[SINGAPORE] Oaktree Capital Group LLC's Howard Marks said China is beginning to appeal to him as an investment proposition after the recent market swoons, likening the world's second-largest economy to a "teenager" with the possibility of its best years ahead.
"All I know is that this is a better time because prices are way down and sentiment is very weak," Mr Marks, whose firm is the world's biggest distressed-debt investor, said during an event hosted by Bloomberg LP in Singapore on Tuesday.
"You know China is kind of friendless at the present time as an investment proposition. Those are the circumstances under which I like to invest." Mr Marks, co-founder of Los Angeles-based Oaktree that dedicates more than a quarter of its US$100 billion assets to distressed-debt investing, said the combination of an above- average future and falling market prices has made Asia's largest economy more appealing. China's surprise devaluation of the yuan on Aug 11 sparked a global stock selloff and triggered a slide in emerging-market currencies, while junk and distressed debt in developing markets posted their biggest quarterly declines for 2015.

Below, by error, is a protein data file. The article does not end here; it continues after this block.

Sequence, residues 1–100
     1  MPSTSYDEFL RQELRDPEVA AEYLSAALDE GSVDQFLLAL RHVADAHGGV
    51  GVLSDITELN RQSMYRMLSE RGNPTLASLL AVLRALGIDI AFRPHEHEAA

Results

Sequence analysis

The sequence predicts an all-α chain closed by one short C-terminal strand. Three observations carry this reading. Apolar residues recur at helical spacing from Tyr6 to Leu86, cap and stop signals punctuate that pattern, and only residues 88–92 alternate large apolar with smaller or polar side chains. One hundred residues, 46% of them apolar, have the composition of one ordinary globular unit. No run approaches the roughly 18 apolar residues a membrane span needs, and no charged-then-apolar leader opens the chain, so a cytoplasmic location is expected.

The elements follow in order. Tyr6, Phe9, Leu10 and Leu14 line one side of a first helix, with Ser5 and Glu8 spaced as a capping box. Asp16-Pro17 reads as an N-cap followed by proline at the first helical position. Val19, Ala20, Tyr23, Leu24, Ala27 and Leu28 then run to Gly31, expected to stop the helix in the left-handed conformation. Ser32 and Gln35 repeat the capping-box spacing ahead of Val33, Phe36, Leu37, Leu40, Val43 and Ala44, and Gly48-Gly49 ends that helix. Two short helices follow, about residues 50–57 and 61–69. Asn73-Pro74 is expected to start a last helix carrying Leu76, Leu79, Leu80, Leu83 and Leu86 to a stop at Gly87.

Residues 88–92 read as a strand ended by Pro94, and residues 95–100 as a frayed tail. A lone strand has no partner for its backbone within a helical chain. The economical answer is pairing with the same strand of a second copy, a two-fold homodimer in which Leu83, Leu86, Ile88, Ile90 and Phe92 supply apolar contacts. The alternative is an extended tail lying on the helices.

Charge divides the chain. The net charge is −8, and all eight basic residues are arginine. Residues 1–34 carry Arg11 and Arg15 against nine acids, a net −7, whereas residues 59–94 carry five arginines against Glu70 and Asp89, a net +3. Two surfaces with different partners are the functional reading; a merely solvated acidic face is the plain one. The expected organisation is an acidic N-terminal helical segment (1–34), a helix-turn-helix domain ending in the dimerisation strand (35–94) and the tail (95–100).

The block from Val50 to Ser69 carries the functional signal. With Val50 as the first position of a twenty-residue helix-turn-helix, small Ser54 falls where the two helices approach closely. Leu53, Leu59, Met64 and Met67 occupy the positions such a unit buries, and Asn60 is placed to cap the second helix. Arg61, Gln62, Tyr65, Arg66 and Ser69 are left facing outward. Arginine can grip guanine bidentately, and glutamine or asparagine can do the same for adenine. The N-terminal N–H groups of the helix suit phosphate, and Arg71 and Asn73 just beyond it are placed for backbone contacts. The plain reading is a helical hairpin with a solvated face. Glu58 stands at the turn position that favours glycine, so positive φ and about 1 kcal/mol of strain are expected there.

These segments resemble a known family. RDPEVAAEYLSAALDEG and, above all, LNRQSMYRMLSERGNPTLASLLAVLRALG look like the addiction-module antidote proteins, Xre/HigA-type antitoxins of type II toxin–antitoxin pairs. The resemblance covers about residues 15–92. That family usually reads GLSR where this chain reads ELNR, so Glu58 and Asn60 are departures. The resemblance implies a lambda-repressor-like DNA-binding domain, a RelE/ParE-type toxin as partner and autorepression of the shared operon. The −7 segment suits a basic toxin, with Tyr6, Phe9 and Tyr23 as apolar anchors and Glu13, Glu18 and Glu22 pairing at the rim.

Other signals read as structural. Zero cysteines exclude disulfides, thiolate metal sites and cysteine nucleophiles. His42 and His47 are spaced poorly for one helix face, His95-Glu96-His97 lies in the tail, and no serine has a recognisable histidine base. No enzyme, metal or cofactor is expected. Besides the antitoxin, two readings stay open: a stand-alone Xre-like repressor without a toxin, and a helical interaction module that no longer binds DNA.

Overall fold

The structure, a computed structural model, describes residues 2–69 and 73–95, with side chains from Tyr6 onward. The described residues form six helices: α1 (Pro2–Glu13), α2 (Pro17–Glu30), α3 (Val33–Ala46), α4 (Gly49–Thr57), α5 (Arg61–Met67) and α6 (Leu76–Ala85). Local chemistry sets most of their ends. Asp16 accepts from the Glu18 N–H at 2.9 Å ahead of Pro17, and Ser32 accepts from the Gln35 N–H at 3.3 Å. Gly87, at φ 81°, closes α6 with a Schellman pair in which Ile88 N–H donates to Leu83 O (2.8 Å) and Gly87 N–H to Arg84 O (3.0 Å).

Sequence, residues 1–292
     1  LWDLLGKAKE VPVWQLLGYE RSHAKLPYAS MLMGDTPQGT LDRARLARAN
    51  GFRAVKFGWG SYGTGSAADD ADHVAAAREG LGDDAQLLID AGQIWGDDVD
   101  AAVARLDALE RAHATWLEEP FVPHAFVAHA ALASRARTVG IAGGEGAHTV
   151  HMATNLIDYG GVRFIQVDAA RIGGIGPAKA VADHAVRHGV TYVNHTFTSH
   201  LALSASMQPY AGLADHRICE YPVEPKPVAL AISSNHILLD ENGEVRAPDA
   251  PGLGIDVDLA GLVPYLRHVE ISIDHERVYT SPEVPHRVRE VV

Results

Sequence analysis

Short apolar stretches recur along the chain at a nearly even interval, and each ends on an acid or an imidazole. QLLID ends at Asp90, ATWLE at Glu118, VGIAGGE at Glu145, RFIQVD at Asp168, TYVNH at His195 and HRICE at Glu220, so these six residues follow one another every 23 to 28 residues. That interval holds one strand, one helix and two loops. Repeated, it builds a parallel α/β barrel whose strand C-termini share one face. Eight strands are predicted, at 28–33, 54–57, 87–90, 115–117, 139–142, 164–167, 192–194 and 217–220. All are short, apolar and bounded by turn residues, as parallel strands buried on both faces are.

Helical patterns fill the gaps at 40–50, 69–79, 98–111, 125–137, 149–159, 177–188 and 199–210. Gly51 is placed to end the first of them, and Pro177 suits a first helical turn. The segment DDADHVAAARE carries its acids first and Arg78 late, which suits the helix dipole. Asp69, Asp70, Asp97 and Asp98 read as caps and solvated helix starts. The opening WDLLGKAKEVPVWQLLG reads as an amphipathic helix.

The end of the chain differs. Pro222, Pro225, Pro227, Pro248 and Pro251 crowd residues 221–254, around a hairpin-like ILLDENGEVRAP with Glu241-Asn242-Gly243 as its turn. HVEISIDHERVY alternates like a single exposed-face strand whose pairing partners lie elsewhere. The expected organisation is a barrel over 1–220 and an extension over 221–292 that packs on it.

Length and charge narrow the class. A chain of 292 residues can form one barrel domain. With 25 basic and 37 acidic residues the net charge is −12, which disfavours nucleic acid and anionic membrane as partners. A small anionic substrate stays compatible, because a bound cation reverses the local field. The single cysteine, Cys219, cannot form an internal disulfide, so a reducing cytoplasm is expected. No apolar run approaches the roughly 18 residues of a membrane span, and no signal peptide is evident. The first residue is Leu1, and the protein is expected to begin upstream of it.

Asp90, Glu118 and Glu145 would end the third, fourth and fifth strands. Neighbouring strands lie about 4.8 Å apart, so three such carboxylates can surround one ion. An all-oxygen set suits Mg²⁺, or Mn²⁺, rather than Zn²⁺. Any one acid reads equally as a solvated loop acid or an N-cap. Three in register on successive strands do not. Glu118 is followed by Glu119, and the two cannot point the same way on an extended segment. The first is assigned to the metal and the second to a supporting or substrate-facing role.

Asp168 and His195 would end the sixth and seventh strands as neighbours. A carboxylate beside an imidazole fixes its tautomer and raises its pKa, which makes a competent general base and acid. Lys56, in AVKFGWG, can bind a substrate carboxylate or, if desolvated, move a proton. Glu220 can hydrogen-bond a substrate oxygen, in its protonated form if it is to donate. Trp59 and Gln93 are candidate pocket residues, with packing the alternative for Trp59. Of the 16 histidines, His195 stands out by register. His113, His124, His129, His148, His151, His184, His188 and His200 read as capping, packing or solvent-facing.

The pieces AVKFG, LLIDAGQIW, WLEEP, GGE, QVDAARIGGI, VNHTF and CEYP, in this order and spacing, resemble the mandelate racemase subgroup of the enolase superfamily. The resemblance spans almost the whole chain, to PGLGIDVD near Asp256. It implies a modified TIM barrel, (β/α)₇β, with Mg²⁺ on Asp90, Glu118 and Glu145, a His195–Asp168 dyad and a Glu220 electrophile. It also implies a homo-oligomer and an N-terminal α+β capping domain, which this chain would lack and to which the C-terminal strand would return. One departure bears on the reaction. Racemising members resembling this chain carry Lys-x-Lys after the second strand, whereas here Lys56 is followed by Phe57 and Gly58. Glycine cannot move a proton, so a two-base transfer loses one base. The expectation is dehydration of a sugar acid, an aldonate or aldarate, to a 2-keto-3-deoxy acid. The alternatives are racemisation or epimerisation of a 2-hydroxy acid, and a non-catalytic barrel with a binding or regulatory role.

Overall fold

China's economy is on track to grow at the slowest pace in 25 years in 2015. Non-performing loans surged past 1 trillion yuan (S$219.9 billion), or 1.5 per cent of total loans, in the second quarter as borrowers including Glorious Property Holdings Ltd and some state-owned enterprises skipped obligations. Oaktree is a minority investor in China Cinda Asset Management Co, one of the nation's four asset-management companies tasked with cleaning up bad debt from the system.
Mr Marks, 69, started Oaktree in 1995 with Bruce Karsh and other partners from another Los Angeles-based money manager, TCW Group Inc. The firm earlier this year had gathered almost US$10 billion for a new distressed debt vehicle in anticipation of a coming crisis, amid stresses in countries such as China and Greece, as well as slumping commodities prices. In July, Marks had called Europe the most attractive region because of prices that were lower than for comparable assets in North America.
"Europe, for example, is a senior citizen, US, a mature adult and China, a teenager," Mr Marks said, using the analogy to reflect the growth phase of the three major economic regions. "If you have teenagers in your house, you know it can be chaotic and tumultuous, but a teenager has a great future with the best years ahead. In general I believe in the proposition," Mr Marks said. "But just like with any teenager, you can have some volatile spells."